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India vs England: Rishabh Pant's Measured Yet Thrilling Knock Was New Age Batting at Its Best

India vs England: Rishabh Pant's Measured Yet Thrilling Knock Was New Age Batting at Its Best

While Washington’s role as support partner on Day 3 of the fourth Test was stellar and hugely meaningful, the hero of the day was without doubt Rishabh Pant.

The second day’s play in the fourth Test was remarkable for its vicissitudes. Starting this piece Friday morning, I had to throw away several drafts as the passage of play took several twists and turns through the day, throwing up new lines of thought, heroes, failures, misses and hits. It culminates in a paean to a young player who smacked a brilliant century to take India into a position of strength, which came only in the last session, after five hours of a riveting see-saw battle between the two sides. To start with, I thought this was going to be a stellar day for India, having bowled England out for a paltry 205. The pitch hadn’t played badly on the first day, the demons had all been in the minds of the batsmen who looked confused between attack and attrition and ended up making a hash of Joe Root’s luck with the toss.

Given India’s long and strong batting line-up, overhauling 205 seemed a cinch when play commenced. By how much, not whether, would India exceed England’s total seemed the more relevant question, but this had to be hurried cast aside as Cheteshwar Pujara fell early to Jack Leach and James Anderson reeled off maiden after maiden in a superb spell of searching, probing swing and seam bowling.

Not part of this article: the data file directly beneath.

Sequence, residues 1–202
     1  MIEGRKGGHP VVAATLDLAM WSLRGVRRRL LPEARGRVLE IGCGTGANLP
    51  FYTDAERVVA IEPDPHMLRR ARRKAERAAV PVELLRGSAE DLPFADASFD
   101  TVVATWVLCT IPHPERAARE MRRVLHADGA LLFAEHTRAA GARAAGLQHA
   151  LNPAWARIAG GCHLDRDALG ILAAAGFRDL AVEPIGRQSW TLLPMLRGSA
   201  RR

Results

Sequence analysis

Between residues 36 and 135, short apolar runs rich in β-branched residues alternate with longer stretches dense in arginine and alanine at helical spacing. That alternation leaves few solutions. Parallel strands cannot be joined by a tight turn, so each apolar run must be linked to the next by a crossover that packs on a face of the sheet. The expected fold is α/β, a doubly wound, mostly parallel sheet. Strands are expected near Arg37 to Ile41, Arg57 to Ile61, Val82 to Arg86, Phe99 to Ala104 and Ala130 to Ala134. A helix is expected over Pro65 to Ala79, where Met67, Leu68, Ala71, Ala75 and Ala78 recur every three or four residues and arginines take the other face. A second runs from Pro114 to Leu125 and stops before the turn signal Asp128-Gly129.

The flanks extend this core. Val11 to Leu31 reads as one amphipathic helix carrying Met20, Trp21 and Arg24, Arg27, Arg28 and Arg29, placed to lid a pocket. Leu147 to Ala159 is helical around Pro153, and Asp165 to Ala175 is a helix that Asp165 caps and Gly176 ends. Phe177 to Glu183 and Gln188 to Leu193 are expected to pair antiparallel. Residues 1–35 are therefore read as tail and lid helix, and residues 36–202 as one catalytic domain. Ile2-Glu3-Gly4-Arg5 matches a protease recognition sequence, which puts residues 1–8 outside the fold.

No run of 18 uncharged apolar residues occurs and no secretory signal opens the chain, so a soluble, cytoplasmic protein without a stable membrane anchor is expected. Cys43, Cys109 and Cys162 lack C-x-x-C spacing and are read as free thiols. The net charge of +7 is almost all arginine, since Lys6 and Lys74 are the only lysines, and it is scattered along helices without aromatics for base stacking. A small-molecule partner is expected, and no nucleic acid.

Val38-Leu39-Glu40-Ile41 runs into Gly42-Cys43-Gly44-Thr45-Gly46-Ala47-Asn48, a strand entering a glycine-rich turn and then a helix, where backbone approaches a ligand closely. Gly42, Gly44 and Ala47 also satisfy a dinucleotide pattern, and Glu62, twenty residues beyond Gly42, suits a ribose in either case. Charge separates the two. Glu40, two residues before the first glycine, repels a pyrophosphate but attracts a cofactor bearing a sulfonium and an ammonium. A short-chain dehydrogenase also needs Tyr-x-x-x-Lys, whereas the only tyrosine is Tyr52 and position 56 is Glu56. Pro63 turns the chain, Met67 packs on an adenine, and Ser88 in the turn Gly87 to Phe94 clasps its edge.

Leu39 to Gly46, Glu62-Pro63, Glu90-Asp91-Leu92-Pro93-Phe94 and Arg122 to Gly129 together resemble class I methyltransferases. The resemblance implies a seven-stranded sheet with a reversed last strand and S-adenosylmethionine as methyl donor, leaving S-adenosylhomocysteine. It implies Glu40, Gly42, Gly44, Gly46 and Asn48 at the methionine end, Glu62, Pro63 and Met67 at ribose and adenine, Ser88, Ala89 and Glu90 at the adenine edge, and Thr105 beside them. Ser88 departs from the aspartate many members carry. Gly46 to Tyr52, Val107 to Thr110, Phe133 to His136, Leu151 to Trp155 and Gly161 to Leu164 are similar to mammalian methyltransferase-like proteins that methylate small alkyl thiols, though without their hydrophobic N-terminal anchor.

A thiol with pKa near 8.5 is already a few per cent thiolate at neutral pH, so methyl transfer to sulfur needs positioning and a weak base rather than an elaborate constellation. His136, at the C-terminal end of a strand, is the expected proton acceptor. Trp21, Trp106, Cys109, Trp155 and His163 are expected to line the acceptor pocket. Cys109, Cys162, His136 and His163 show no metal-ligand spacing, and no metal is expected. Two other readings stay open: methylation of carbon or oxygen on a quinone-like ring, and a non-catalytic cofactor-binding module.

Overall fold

Rishabh Pant Answers Cheteshwar Pujara’s Call, Shows He Can Put ‘Team First’

The contest between Anderson and Rohit Sharma, two sublime artists, was my initial theme for this piece. Rohit’s stylish, aggressive strokeplay, with a penchant for big shots, has always overshadowed his brilliant defensive technique and sound temperament. The best batsmen know how to blend defence and attack judiciously. Rohit’s handling of the tough situation after Pujara fell, and Anderson on song was captivating.

Anderson didn’t get the better of Rohit in the first session – I’d say it was honours even – but he got Rahane on the stroke of lunch to push India in a crisis at 80-4, for not much earlier, Ben Stokes had had Virat Kohli wafting at a short-pitched delivery to be caught behind the wickets for a duck.

Stokes was my next theme for this piece when he had Rohit, looking secure for a half century, caught in front of the wickets with a vicious breakback. With Kohli and Rohit as victims, the question that arose was why had Stokes been bowled so reluctantly in previous Tests? In this innings alone (till then), he had put in more overs than in three preceding Tests.

Centurion Rishabh Pant and Impressive Washington Sundar Give India Healthy Lead